Community and EJ groups can use the data to advocate for environmental cleanups, improved pesticide buffer zones, safer school siting, resisting additional sources of pollution and other purposes. Regulators and legislators are pressured to use this kind of information in their decision making, as recently happened in New Jersey.
As a result of political organizing and advocacy by EJ groups, in August 2020 New Jersey adopted legislation that requires the state Department of Environmental Protection to evaluate the environmental and public health impacts on vulnerable communities when reviewing permit applications for certain new facilities, including:
- Major sources of air pollution (i.e., gas fired power plants and cogeneration facilities);
- Resource recovery facilities or incinerators; sludge processing facilities;
- Sewage treatment plants with a capacity of more than 50 million gallons per day;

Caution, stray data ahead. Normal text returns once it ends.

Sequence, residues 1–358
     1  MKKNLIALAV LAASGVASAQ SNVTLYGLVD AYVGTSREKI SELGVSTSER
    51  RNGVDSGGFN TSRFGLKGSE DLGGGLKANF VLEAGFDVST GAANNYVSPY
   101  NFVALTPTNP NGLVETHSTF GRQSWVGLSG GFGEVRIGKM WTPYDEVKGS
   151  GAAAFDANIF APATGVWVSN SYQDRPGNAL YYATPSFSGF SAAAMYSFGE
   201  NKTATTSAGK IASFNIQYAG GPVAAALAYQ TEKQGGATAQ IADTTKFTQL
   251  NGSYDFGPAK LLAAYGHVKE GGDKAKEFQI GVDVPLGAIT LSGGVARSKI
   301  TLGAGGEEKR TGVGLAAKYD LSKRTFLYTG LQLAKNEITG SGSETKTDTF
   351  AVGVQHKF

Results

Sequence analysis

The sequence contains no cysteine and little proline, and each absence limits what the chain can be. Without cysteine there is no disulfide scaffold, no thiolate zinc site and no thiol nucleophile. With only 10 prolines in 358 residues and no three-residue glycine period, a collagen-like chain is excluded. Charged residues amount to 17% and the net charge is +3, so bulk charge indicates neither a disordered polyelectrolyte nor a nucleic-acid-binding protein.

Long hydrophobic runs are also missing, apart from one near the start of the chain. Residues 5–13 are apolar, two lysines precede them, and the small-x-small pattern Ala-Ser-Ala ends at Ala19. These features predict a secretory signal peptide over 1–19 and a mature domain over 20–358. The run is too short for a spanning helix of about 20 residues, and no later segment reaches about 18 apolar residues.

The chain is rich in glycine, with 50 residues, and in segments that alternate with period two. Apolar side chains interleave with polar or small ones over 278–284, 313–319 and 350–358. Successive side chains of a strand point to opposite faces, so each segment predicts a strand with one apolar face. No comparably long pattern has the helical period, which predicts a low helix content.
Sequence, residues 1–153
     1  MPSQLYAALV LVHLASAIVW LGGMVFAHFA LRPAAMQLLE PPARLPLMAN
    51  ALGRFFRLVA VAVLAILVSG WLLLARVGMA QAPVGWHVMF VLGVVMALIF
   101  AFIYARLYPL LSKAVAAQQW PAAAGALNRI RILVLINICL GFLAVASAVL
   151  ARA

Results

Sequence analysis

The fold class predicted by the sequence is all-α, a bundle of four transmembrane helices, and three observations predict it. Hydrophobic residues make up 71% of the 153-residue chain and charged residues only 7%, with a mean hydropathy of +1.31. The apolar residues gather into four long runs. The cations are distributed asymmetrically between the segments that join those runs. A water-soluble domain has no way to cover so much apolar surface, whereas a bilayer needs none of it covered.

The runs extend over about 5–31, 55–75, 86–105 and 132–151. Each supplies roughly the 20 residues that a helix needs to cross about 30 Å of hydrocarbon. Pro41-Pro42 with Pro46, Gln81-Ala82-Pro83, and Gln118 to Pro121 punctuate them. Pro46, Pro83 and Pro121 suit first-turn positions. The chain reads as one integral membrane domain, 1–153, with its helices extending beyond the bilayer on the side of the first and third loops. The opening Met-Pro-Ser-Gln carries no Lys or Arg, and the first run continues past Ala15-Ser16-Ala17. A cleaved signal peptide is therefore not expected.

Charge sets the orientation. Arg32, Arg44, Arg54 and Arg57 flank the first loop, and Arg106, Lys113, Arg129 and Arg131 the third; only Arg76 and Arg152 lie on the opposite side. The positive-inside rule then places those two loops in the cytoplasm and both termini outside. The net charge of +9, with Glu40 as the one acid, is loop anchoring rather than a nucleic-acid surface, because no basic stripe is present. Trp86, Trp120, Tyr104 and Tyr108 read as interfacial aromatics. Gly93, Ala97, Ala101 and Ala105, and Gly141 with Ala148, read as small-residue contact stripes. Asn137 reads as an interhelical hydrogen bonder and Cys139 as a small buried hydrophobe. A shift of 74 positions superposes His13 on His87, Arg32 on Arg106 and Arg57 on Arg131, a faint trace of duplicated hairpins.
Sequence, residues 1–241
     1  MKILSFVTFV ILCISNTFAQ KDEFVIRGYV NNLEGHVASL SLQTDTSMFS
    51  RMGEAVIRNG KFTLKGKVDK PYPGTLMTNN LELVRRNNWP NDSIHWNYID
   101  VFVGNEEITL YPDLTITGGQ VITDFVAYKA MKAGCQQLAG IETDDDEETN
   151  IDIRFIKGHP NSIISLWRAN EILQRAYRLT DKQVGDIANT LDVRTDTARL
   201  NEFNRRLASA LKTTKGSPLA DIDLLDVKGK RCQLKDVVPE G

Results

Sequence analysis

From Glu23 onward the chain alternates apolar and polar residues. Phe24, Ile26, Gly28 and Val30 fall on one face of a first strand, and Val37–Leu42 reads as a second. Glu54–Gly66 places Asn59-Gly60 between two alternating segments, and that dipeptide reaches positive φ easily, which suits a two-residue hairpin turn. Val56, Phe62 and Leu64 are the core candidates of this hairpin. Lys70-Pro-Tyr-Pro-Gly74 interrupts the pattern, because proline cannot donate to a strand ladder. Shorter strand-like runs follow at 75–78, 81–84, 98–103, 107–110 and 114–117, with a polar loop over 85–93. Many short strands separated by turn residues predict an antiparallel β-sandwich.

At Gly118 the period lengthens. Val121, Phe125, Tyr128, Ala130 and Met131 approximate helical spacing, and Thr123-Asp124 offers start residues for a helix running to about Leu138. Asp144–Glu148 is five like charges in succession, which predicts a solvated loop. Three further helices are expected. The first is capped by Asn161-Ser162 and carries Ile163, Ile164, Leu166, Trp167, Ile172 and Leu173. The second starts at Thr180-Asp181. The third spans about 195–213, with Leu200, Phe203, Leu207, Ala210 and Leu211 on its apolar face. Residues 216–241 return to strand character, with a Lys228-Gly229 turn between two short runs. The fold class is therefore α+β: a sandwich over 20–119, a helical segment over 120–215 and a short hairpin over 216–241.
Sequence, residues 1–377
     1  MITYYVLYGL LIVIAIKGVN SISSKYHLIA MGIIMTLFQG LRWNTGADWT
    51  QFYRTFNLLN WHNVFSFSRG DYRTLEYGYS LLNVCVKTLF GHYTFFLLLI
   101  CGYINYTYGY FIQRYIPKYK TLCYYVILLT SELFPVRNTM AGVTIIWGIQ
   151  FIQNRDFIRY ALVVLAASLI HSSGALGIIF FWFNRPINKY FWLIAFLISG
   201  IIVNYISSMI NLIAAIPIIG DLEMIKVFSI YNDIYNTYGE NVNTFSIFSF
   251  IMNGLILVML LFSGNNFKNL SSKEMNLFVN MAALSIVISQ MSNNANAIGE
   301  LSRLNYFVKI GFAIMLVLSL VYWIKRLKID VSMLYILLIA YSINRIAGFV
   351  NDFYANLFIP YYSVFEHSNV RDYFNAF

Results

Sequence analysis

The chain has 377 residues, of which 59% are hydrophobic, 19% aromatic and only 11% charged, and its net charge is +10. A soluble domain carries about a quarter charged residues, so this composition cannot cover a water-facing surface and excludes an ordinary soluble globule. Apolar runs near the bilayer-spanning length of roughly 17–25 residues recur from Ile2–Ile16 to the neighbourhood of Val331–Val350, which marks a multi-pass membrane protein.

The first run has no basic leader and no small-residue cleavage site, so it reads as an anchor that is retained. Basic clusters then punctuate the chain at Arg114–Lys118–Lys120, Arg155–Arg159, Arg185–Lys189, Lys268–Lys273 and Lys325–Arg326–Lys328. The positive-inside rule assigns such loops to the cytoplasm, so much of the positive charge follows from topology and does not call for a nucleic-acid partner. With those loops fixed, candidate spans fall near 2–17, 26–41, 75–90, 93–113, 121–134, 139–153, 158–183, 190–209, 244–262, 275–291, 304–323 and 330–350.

- Transfer stations or solid waste facilities;
- Recycling facilities that receive at least 100 tons of recyclable material per day;
- Scrap metal facilities;
- Landfills; or
- Medical waste incinerators, except those attendant to hospitals and universities.
An article in the National Law Review describes the bill as the “most far-reaching environmental justice legislation in the country”, requiring an “Environmental Justice Impact Statement” in initial permit applications and permit renewals for covered facilities located in the same census tracts as overburdened communities. The statement must include an evaluation of any potential unavoidable environmental and public health stressors by the facility, as well as any existing environmental and public health stressors already borne by the overburdened community. Under the bill, “overburdened communities” are defined as census tracts with low-income, minority, or non-English speaking populations exceeding specified thresholds.